Good Friday Morning! Especially to Mr. Randolph White of Williamsburg County, South Carolina, who took the internet by storm this week describing the crash landing of the US government’s missing F-35. I don’t necessarily believe the government’s explanation of how it somehow lost an entire F-35, but I do trust the witness testimony of Mr. White.
This week, I will dive deep into the latest interest rate moves by the Fed and what we can see moving forward in the economy—links to follow.
- The internet is debating whether PA. Sen. John Fetterman’s slobby dressing is bad for Senate decorum. The obvious answer is a resounding yes. But Fetterman’s incapacity to dress like a grown man is not the issue here — the real problem is that this is a man who cannot physically or mentally function unless he’s dressed like a rack of Goodwill’s rejects. And as some have pointed out, he’s wearing the same thing every day. It’s bizarre. He’s still using assisted software to talk to others, he’s incoherent in person, and it’s unclear if he’s running anything in his office. Stephen L. Miller explains this exactly right in The Spectator: “The Senatorial dress code is not the issue. The issue is the ongoing deception by John Fetterman, his family, his office and the media who will go to the lengths of bullying their own colleagues should they dare report on the accurate nature of Fetterman’s abilities.” It’s not a tinfoil hat thing to say there is an active cover-up regarding Fetterman’s mental and physical capacity to do the job. There’s an entire fake narrative about Fetterman being “bullied” right now. The whole change in the Senate dress code is about enabling one human who can’t function outside the constraints of those rules. This isn’t some blue-collar guy chafing against dress codes —Fetterman is not mentally capable of doing the job. Joe Biden is running laps around Fetterman in comparison. Think about that for a second.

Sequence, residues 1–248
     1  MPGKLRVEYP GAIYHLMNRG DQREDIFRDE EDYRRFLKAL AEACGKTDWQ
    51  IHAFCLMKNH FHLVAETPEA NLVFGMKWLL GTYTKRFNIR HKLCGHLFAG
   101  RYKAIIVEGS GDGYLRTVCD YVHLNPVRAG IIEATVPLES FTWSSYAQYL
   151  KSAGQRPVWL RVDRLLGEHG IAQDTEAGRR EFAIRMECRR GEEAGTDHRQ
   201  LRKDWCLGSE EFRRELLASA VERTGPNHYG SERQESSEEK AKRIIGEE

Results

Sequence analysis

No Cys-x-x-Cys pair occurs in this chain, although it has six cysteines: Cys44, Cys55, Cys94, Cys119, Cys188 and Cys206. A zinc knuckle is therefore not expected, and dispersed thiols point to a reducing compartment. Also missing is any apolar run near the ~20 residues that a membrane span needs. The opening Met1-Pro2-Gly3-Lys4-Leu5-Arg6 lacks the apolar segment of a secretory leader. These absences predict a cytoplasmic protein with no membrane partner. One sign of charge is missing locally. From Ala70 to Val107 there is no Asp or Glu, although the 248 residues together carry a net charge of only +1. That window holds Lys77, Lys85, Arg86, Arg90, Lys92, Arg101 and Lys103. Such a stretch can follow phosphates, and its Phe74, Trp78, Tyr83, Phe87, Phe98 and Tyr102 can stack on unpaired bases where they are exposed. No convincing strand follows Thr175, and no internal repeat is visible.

- We are in the slow-motion process of hurtling towards another government shutdown. The deadline is October 1, and lawmakers are trying to figure out how to get around it. Per usual, the House Freedom Caucus on the right is bomb-throwing, pretending they’re firmly against more government spending. They’re also trying to challenge McCarthy despite having no plan for a replacement House speaker or a way to fund the government. I blame the House Freedom Caucus because this group has brought more unneeded strife to the Republican Party while not providing anything of value to budgetary restraint. Scratch that; they don’t even know how to pass a budget. Since the Obama administration, Congress has not functioned under standard budgetary rules. Furthermore, because the House Freedom Caucus is taking this stance, they will empower Democrats to take charge to get something passed so we “avert disaster.” These fights are foolish by every measure, and the Representatives leading the demand have nothing to show for over a decade of bomb-throwing on this issue. If I sound frustrated, I am. It’s the same song and dance every time. And at the end, Republicans end up like Daffy Duck, yelling “Duck Season Fire!” at the end of the argument and getting their head blown off.
Where you can find me this week
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NFL, Sports Leagues Face Certain Future of Gambling Scandals – Conservative Institute
Donald Trump – The Pro-Choice Republican – Conservative Institute
Why Disney is Likely to End Its Lawsuits Against DeSantis and Florida – Conservative Institute